Is the primary physician one to declare that a patient is unable to make decisions for themselves? - AgingCare.com

Is the primary physician one to declare that a patient is unable to make decisions for themselves?

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How to deal with an elderly person who makes you feel like complete crap when you try to schedule a break or have them go to daycare for the day.


Im so sick of arguing about every little thing!!!!


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She can't make you feel guilty. You allow yourself to feel that way.
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Liztini, sigh...

She isn't going to stop what she's doing is she? - Pouting or sulking or acting up or whatever.

So if you want not to feel like crap, and you can't change her behaviour, the only remaining answer is to change your response to her by building appropriate emotional boundaries. The noble art of pleasing yourself. Or, and this is a book title by the way, 'The Life-Changing Magic of Not Giving A F**k,' which you may even find it helpful to read.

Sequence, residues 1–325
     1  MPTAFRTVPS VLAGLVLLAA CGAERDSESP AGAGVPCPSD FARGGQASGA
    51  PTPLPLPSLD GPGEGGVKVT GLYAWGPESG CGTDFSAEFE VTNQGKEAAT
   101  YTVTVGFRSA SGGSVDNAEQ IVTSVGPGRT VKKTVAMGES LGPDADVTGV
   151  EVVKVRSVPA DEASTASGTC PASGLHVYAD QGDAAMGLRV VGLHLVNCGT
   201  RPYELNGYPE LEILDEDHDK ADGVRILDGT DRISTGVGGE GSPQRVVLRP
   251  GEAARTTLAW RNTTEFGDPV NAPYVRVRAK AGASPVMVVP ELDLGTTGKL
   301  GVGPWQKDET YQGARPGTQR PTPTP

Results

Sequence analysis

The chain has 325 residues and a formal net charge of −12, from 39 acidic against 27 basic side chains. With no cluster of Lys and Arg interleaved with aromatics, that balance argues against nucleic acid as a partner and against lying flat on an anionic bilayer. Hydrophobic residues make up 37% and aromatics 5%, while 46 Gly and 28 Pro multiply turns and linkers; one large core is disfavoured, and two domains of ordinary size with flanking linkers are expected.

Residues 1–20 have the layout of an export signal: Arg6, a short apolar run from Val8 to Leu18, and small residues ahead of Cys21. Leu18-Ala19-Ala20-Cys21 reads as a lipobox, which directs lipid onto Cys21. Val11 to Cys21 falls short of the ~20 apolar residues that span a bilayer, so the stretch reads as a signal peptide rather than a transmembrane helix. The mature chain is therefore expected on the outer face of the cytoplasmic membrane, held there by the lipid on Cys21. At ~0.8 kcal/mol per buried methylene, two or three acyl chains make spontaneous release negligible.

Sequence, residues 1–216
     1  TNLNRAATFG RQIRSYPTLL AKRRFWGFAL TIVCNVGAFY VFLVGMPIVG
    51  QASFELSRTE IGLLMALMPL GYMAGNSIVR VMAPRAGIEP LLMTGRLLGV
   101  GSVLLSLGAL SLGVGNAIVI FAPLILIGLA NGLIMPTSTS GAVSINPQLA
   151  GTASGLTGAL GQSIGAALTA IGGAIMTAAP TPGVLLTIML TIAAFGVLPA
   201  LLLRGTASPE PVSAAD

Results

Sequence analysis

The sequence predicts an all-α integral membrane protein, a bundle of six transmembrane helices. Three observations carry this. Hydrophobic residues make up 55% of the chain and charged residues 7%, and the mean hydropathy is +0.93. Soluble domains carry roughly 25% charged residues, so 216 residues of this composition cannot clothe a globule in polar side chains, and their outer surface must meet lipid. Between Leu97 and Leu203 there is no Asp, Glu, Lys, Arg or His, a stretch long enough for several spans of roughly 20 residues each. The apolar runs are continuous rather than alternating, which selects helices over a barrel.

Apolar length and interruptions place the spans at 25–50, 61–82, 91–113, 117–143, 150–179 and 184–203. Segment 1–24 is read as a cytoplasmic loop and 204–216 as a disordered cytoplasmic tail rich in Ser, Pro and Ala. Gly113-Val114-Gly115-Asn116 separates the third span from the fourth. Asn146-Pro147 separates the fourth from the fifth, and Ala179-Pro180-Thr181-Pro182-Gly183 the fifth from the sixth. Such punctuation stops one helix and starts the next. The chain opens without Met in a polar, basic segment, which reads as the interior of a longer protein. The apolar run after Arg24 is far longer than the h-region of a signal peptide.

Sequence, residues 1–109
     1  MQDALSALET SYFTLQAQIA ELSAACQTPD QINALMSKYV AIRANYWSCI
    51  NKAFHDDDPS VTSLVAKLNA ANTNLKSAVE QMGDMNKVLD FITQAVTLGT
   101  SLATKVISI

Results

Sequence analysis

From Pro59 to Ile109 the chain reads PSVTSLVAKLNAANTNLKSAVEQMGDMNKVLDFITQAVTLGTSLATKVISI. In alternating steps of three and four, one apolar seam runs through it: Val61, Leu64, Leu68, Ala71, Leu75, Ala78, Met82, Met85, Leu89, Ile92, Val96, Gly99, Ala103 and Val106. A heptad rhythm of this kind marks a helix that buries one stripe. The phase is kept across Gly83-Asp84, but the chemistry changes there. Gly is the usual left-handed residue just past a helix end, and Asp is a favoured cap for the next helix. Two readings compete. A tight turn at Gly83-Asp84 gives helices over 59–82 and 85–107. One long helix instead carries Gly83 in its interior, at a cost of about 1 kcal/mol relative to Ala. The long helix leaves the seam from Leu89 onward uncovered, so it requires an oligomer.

Sort your schedule out as works best for you and yours. Mother, alas, with every respect to her, and assuming that you are in fact providing her with a high standard of care (which I'm sure you are, because otherwise you wouldn't be the type to suffer unwarranted guilt), is going to have to like it or lump it. She'll be happier if she learns to like it. Encourage her to :) but don't worry about it if she doesn't. It's not your fault she can't manage her own life any more.
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Some caretakers are more prone to guilt trips than others. I tend to take a realistic approach and that means looking at how reasonable my efforts and intent is. With that in mind, I don't feel guilty about what I'm trying to do. Seniors and people with dementia don't always think things through, or show consideration, co-operation, etc. Using their judgment as a compass as to how we should feel seems odd to me. I try to roll with the punches and with a smile. Not likely to change their behavior.

My LO's Primary diagnosed her with significant Vascular dementia. Later a neurologist confirmed that. And later down the road a psychiatrist diagnosed Profound dementia. It was pretty clear the patient was not able to make decisions, that's why I began using the Durable POA, plus, LO wanted me to. If it's for court purposes, I'd consult with an attorney about what the requirements are in your jurisdiction.
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